The virus gains attention as it spreads through hockey.
While the National Hockey League makes less headlines than some other major sports leagues in the USA, its outdoor stadium series, highlighted by the Winter Classic on New Year’s Day gets its share of attention. Recently, the league has made headlines for a less desirable reason. More than 20 players on five teams and several referees have been diagnosed with the mumps virus.
The NHL is the perfect environment for it to spread, players share water bottles and being in close proximity, it is easy to get sneezed, coughed and spit on. Even one of the NHL’s biggest stars, Sidney Crosby of the Pittsburg Penguins contracted the disease. It takes 12 days or more for symptoms to occur, so a player may be harboring the virus and seem perfectly healthy during this period. It is not clear who the first player was that contracted the mumps virus but the CDC (Centers for Disease Control and Prevention) believes it began in October and signs point to the Anaheim Ducks or Minnesota Wild as possible culprits. It is possible that other teams may have been infected with the virus as well.
Mumps, also called epidemic parotitis, is a viral disease caused by the mumps virus. It affects the parotid glands, one of the three types of salivary glands and is situated in front of the ear. Symptoms can appear 2 to 3 weeks after being infected and include fever, headache, and weakness, but the signature symptom of mumps is swelling and pain in the parotid gland. It is spread through saliva and can be transferred through sneezing, coughing, or by sharing utensils. There is no treatment for the disease but most people do not have any complications once the virus has passed. Mumps was once a common childhood disease but has been greatly reduced thanks to the MMR (Measles, Mumps, and Rubella) vaccine.
Mumps Vaccinations began in 1949 in the U.S. and the first vaccine was not very effective at preventing the virus. In 1967 a new version of the vaccine was developed and in 1971, it was combined with the vaccines for measles and rubella. In 1989, a second dose of the vaccine was introduced, changing the protocol to two treatments of MMR. Prior to 1967, about 186,000 cases of mumps were reported each year according to the Centers for Disease Control. Since then, that number has dwindled to an average of 265 cases per year, although outbreaks have occurred, the largest in recent times being 2006 with 6,339 cases reported, most of which were on college campuses.
Statistics show that most of the reported cases of mumps occur in individuals that have received the MMR vaccine (95% of the cases in the 2006 outbreak were vaccinated). If the vaccine is supposed to prevent the disease, why are people getting it? The vaccine is about 80% effective against the mumps virus and decreases over time. Receiving a second dose of the vaccine raises the effectiveness level to almost 90%. Over time, MMR’s effectiveness against the mumps decreases slightly, making people more vulnerable to the disease. The reason behind this is the human immune system. Again, over time, immune memory of antibodies decreases. By comparison, B cells and T cells (antibodies) are much better at recognizing the measles and rubella viruses.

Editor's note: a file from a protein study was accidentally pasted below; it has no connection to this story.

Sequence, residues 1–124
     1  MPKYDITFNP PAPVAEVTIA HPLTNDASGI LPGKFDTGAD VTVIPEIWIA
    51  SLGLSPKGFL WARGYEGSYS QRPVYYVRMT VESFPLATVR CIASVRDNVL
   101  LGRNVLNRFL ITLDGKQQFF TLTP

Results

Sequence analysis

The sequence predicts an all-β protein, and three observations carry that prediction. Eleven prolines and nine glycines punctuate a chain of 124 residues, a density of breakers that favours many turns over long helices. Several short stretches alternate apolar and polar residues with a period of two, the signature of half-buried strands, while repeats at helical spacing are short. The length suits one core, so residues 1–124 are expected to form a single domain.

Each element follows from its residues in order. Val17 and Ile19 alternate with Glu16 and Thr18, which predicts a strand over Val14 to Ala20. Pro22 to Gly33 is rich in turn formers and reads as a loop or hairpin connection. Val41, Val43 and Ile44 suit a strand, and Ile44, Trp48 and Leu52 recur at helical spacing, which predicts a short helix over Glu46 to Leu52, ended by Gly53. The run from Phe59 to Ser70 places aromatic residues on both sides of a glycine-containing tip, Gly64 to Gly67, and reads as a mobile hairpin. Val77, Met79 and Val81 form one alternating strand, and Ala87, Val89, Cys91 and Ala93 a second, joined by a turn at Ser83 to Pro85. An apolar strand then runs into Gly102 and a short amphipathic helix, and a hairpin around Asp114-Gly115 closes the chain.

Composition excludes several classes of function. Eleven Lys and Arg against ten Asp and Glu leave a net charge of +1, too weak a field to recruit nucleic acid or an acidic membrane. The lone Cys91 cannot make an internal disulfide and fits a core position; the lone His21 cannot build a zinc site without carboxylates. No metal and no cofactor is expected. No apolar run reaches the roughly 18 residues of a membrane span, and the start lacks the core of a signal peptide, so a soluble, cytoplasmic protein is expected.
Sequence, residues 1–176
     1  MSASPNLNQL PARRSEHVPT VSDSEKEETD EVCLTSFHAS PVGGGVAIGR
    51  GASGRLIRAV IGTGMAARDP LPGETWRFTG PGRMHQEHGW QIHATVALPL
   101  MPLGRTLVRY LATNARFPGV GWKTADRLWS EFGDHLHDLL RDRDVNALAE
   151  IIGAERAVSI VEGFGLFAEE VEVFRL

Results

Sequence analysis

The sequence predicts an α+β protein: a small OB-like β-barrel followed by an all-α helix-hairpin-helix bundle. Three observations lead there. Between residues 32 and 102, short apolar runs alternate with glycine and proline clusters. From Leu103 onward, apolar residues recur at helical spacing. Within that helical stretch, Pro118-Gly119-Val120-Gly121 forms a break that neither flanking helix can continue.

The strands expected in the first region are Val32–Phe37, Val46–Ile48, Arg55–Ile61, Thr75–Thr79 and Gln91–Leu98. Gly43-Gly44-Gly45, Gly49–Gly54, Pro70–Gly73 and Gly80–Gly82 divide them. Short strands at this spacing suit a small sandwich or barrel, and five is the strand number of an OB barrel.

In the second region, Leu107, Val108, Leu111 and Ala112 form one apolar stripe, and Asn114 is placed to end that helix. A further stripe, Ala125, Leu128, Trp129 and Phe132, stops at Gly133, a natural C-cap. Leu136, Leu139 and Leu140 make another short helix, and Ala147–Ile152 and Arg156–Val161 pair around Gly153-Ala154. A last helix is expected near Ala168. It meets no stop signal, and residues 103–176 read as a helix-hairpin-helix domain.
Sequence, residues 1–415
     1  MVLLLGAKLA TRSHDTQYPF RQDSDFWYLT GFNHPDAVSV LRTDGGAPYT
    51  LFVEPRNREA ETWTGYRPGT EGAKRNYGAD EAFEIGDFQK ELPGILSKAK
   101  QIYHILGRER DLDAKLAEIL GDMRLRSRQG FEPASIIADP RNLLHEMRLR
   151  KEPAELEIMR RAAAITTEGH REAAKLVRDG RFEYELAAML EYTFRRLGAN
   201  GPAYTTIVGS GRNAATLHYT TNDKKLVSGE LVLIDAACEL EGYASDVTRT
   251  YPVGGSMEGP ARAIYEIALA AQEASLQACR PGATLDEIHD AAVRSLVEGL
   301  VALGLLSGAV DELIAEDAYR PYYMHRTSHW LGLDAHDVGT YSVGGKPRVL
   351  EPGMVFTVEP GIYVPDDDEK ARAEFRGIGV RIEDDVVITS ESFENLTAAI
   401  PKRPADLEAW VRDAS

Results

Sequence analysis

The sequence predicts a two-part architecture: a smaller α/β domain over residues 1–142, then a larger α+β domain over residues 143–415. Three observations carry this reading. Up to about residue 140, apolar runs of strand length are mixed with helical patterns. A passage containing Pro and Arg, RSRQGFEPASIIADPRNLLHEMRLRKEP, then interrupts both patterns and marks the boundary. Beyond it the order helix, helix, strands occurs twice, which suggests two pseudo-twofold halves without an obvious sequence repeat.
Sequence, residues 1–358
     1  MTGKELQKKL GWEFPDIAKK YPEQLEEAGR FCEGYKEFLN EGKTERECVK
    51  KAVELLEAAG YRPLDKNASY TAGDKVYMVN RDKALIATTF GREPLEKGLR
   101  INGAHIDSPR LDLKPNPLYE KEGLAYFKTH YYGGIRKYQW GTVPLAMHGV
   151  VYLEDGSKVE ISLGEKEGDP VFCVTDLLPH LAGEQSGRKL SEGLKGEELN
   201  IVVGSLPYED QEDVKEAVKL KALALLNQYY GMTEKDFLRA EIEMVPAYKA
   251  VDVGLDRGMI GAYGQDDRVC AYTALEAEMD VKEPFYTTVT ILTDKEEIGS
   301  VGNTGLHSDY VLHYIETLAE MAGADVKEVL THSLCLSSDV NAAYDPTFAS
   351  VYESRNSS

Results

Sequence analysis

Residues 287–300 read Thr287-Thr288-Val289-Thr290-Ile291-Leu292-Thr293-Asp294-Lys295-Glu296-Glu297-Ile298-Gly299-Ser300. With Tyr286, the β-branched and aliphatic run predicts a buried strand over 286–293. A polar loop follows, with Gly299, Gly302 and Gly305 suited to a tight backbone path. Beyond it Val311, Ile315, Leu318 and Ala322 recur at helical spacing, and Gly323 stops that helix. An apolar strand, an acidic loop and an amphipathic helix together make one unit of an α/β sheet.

Should Americans be worried about the mumps virus? An outbreak of mumps cases among vaccinated individuals does not mean people should choose not to receive the vaccine. Vaccination has been the best method of reducing spread of the virus with reported cases reduced by 99%. Even though it has been making headlines, the virus has never really completely eradicated in the United States. Despite a high success rate, individuals who receive both doses of the vaccine still have a chance of contracting the virus. Half of the world’s population does not even receive a mumps vaccination of any kind and hundreds of thousands of cases occur each year. This makes travelers an easy vessel for bringing the virus stateside.
The spread of the Mumps virus is probably not going away anytime soon. According to Dr. Greg Wallace, the Lead of the domestic measles, mumps, rubella, and polio team at the CDC in Atlanta, Georgia says that the NHL would need to go about 50 days without a new case before being considered free of the disease. With new players being diagnosed each week, there is still a long way to go before this problem has been contained.
By Daniel J. Steiger
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